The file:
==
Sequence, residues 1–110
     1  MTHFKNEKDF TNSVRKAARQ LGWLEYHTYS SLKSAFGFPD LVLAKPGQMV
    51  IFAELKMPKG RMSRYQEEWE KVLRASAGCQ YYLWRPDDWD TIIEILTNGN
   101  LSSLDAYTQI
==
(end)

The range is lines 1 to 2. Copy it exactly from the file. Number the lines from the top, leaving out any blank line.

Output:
Sequence, residues 1–110
     1  MTHFKNEKDF TNSVRKAARQ LGWLEYHTYS SLKSAFGFPD LVLAKPGQMV